When it comes to the many editorial services Bookmasters offers, most authors have a fairly clear idea of what “indexing,” “accuracy checking,” and “securing permissions” entail. But authors sometimes stumble over the differences between “copyediting” and “proofreading.”
“After all, it’s the same thing,” they’ll say. “In both instances, you read my book and point out and fix any errors. Right?”
Wrong, but the confusion is understandable (although a bit frustrating at times). On the surface, it may seem as if the processes are identical because, yes, each professional is reviewing and correcting the words on a page in some way. But that’s where the similarities end.
Let’s take each process individually and compare what the two offer (and don’t offer):
Copyediting is the review and correction of an author’s originally written manuscript. The copyeditor takes the author’s electronic manuscript (typically in Microsoft Word) and cleans the text, addressing issues including spelling, punctuation, grammar, and capitalization. The editor is also making sure the manuscript is internally consistent (Stephen isn’t “Steven” elsewhere in the book) and following the style points defined at the start. We use the Chicago Manual of Style at Bookmasters, although we are also versed in AP Style, APA, AMA, and a host of others as required by the author. Depending on the roughness of the original manuscript, the copyeditor could also be tasked to correct issues of sentence structure, storyline continuity, and improving the clarity of the author’s message.
The copyediting process can be as simple as fixing a few grammatical points and as complex as a complete rewrite of the entire manuscript.
Once the manuscript is edited, reviewed and approved by the author, and laid out in the book’s final pages, the proofreading can begin. At this stage, the book’s text is expected to be finalized by the author, so the proofreader is primarily concerned with how the pages look and read on a more “global basis.” The proofreader is, of course, reviewing for grammatical issues that may have been missed during the copyediting, but they are not turning so critical an eye to the text. Their primary focus is on the book’s overall presentation: Are the page elements throughout the book correct and in place? (page numbers, running heads, chapter heads, footnotes, etc.) Are the margins the correct width, and do the pages bottom out? (Aligned at the bottom on a page spread.) Are there bad breaks, ladders, and widows/orphans to be cleaned up and adjusted? Are the fonts in place? Are the art and captions correct? Did any text fall out or not get set?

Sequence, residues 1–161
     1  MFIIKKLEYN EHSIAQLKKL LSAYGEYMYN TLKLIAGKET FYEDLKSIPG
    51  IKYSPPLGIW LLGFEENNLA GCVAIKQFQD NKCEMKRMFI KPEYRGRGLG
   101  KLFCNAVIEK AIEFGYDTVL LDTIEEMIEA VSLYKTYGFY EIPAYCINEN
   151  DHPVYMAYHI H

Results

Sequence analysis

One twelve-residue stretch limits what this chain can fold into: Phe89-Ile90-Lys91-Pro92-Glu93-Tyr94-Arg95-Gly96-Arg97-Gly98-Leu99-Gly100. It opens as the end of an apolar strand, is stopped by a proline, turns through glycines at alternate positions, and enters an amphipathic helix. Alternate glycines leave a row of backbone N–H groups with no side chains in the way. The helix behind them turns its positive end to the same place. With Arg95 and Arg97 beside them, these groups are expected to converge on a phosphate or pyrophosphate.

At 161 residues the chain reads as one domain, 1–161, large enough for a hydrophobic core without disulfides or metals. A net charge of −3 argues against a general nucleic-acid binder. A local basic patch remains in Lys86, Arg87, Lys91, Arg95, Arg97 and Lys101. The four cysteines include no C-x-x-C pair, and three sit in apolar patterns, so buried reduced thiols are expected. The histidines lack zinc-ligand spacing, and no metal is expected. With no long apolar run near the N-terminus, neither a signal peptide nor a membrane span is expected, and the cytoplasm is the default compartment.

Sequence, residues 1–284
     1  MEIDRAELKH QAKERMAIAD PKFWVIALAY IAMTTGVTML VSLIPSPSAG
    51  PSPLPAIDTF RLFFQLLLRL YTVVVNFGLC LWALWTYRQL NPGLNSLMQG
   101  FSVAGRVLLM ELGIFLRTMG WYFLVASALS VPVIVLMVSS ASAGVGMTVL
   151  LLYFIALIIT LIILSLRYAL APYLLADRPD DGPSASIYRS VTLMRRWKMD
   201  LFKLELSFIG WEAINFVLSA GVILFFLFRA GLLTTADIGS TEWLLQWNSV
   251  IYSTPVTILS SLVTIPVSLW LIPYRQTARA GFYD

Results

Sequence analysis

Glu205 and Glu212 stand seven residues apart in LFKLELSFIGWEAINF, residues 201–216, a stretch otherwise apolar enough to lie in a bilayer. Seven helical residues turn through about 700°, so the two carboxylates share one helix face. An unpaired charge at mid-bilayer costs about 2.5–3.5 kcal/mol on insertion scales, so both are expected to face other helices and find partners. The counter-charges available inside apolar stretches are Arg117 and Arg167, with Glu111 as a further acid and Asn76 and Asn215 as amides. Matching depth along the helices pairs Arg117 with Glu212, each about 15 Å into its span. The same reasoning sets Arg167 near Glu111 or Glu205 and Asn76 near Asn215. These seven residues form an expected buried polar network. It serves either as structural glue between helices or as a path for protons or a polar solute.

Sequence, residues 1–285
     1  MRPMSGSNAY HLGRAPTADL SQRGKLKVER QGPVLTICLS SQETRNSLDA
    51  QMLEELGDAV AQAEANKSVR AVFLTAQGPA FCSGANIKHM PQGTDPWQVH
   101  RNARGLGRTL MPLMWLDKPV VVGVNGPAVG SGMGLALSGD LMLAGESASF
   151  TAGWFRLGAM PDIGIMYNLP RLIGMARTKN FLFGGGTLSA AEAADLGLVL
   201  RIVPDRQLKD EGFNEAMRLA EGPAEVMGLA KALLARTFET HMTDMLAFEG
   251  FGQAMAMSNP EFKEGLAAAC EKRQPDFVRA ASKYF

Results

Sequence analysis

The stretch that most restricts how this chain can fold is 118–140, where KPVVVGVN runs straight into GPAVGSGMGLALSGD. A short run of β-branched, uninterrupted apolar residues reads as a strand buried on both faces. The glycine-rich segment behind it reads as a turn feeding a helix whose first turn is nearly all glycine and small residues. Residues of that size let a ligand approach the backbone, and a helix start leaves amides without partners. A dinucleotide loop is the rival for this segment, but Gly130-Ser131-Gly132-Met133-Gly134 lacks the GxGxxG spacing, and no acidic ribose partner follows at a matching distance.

As you can see, the text of the book is one very small part of the proofreader’s responsibilities, so it’s better to have someone focus solely on that earlier in the process.
It may help to visualize the copyediting and proofreading processes as two sides of the same coin. Both contribute to the overall success of the book, but their fields of focus and areas of expertise are very different indeed!